She stopped at the entrance to a little bar and turned to face me. I glimpsed at something marvellous. It was a mistake. Do you understand me? I looked directly at her. I saw her. In her flesh I would find insurmountable rage, amongst other things. Kissing little lips, all pink. Unless coloured with paint. Like the eyes, all covered in paint for the evening. Change this!

      There are other days, I go down to the stream by the gable and watch the suds fizzle out. But that I do less and less, given the stress of it all. And I return again inside, just as the sun begins clambering up over the roof tiles. Beautiful, that. Repeat it. Just as the. No, repeat it all. And I return again inside, just as the sun begins clambering over the roof tiles. That is beautiful.  Just – as – the – sun – begins – clambering – over – the - roof tiles.


      There were lights. All was lit. Again. All was lit. And yet much more left to falter in darkness. In darkness and secret. Circulating secrets of lust. A hushed tremor of lust. Vibrating along the chords. The sinews. Eyes – to and fro. Flickering flames of lust. Confessing to me in murmur. All that. Words upon words. A sand dune of words, blowing off into the surroundings. All was lit and yet more left to falter in darkness. Her hands touching her face. Kissing little lips decorating the rim of her glass, from time to time. Lips pushed, tucked in speech. With eyes, seeking out my eyes.  Looking out onto. Looking out into the. No movement on which to focus. Her heart. Or my heart. Without escape for the mind. Nerves touched, pulled and pushed. She was. No. She wasn’t. Merely intrigued. Less. But what is the word? Curious. I don’t know. She was something. No. She asked for my hand. Can I have your hand? No. Perhaps she demanded. Your hand. I. I didn’t. I gave it freely. I placed my hand freely in her upturned hand. I shouldn’t have! No – I was happy to. Here. Here is my hand. It was rigid. I placed my rigid hand in hers. I don’t know why. I do – why lie? It offered something else to talk about. Your hands are. Next to mine your hands are. I took it back from her. What had my hands said? No. Describe the room. I can’t remember the room. A table. Stools. It is enough to say that we sat, regardless of anything else. No. Regardless is not the word. Oblivious. Blind. Deaf. The room dissolved by heat and joy and silence and noise and lust and lust and lust and.


      I was out in the night air. Alone. It is enough to say that I was alone. No explanation proffered. I took the night air sadly. No. Change. I took it gladly. One foot. Another foot as unsteady as the previous. Heart heavy. No. I smiled. Elaborate. I recounted a little joke to inflict company. No. To offer company. I recounted a little joke to offer as company. It wasn’t to my taste in the end. I didn’t laugh. I sang The Skye Boat Song. I sang, Sweet bonnie boat, like a bird on the wing, onward the sailors cry. I hummed the rest. I could have sung so many songs and yet I chose that. I don’t know why. I do. No, I don’t. I would have preferred humming something else. But in the end I hummed The Skye Boat Song.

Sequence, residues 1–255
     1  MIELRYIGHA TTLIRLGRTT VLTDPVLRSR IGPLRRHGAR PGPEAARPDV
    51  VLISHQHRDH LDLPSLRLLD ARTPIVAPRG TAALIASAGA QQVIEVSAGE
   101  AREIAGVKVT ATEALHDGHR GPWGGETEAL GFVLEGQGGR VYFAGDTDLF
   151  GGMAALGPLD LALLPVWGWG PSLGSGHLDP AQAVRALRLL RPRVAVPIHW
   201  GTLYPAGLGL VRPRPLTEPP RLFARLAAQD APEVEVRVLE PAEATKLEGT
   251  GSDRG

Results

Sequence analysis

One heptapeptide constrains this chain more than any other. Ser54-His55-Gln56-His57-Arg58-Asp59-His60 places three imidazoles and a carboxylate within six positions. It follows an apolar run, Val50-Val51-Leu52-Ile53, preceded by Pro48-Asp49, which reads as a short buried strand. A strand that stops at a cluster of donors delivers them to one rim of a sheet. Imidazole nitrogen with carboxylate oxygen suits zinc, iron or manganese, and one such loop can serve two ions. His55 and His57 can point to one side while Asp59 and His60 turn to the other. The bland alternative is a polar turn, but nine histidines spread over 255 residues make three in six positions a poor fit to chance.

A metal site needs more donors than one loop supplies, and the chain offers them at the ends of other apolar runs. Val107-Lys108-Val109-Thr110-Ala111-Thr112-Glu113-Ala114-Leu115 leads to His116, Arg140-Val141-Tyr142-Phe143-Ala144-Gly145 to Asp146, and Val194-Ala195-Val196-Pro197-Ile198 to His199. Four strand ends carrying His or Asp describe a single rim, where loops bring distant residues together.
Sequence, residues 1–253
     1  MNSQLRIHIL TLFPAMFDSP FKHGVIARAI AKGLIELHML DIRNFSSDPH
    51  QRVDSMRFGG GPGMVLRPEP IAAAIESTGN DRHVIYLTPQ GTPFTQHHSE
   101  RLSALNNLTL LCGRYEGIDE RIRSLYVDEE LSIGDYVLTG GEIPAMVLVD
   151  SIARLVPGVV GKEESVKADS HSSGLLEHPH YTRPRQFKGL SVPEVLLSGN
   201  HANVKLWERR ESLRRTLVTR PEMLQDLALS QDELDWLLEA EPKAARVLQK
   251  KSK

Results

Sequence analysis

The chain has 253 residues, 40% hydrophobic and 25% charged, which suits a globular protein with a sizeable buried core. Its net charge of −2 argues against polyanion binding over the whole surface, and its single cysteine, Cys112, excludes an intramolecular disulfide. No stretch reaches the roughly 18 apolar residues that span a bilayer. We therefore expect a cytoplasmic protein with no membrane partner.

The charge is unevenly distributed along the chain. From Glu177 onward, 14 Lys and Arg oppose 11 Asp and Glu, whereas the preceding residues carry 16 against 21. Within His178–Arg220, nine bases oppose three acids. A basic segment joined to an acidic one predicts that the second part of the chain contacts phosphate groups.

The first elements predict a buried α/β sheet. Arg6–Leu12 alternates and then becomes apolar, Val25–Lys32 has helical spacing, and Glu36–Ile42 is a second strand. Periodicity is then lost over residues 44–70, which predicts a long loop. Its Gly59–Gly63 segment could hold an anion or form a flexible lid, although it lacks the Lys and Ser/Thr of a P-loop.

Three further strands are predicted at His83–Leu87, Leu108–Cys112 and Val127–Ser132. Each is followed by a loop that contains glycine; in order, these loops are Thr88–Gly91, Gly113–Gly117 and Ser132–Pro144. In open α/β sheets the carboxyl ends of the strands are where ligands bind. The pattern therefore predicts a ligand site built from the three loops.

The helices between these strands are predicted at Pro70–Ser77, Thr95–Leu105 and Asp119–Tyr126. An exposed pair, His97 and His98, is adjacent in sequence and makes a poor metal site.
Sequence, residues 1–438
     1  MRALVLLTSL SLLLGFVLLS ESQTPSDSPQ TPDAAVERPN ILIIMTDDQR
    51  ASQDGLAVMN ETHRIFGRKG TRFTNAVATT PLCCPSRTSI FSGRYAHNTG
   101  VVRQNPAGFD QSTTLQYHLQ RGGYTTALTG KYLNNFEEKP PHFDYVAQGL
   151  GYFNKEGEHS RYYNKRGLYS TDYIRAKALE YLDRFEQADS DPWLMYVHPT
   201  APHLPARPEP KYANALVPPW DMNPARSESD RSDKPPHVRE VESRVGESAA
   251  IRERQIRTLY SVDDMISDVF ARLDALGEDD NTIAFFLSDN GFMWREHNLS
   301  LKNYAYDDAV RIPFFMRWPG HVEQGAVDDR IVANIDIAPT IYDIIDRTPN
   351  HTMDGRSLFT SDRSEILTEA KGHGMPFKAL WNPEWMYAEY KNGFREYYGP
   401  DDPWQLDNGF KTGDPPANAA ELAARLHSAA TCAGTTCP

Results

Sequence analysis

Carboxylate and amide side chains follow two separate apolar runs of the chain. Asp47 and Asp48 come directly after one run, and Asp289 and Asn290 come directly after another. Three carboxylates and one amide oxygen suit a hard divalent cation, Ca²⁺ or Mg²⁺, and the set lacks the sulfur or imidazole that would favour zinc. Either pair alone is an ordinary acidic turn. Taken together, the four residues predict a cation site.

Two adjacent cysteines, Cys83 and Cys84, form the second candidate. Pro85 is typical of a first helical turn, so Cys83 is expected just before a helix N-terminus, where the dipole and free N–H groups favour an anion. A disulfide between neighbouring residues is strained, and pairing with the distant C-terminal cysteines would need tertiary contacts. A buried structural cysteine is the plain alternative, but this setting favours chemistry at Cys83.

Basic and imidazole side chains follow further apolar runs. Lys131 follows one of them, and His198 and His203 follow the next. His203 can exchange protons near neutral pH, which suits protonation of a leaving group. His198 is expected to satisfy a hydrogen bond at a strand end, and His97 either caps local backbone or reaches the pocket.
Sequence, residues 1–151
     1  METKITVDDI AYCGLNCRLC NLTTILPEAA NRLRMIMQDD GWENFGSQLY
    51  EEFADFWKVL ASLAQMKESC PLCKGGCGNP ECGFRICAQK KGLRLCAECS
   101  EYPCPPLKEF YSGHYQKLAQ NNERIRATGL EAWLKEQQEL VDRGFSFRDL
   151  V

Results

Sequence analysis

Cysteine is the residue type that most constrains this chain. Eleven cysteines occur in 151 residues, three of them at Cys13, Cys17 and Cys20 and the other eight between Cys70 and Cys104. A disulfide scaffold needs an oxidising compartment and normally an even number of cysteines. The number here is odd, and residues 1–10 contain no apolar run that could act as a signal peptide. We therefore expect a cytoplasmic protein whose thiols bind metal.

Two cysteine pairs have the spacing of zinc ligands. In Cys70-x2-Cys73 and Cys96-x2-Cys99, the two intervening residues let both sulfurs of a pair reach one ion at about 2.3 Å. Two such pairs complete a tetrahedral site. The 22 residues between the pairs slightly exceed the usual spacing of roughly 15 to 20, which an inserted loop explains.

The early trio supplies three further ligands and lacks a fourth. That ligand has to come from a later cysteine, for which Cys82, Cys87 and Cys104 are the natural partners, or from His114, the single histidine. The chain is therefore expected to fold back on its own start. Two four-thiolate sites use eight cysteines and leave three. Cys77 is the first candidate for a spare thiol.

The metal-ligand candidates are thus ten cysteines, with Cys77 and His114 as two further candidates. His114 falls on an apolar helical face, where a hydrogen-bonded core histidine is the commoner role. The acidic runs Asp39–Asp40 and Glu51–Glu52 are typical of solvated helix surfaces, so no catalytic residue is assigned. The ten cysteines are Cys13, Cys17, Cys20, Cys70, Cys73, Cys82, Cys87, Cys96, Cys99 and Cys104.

I walked. I walked a little more. Then I stopped. In the silence of it all I stood, humming. Then I took to walking again. There may have been a chill in the air. There may even have been a dampness settling down for the night, like so many other things, settling down. In truth, all had settled down. No. Nothing had settled. All had been enlivened. In every space, in every corner of this something world, life was progressing. I spat. To have the world in the palm of your hand and to drown them all in spittle. I looked within the patches of light for a loose stone. I would have picked it up and thrown it, had I found one. I wouldn’t have. I would have merely kicked it from its place in the patch of light, out into the darkness, never to be found again. I would have been overjoyed. I wouldn’t. I didn’t find a stone.

      I stopped again for a time and considered turning around, going back to her. Maybe saying something new. Talking about the stars. About love, perhaps. Nicely put. But no. I stood, humming The Skye Boat Song. All the while smiling, for it was all I could do to stop the. No. I don’t care much for this. What cannot be said with conviction is of little or no use, except for comfort. And what place has comfort within the truth? What had possessed me to meet her? I asked the head. I had no reply. That doesn’t mean much. I continued on home. I may even have continued humming along the way. I don’t know. Would it be a nicer image to say that I had? I continued humming along the way. 

Celine Fox

Celine Fox was born in Northern Ireland. She currently lives in Montpellier, France.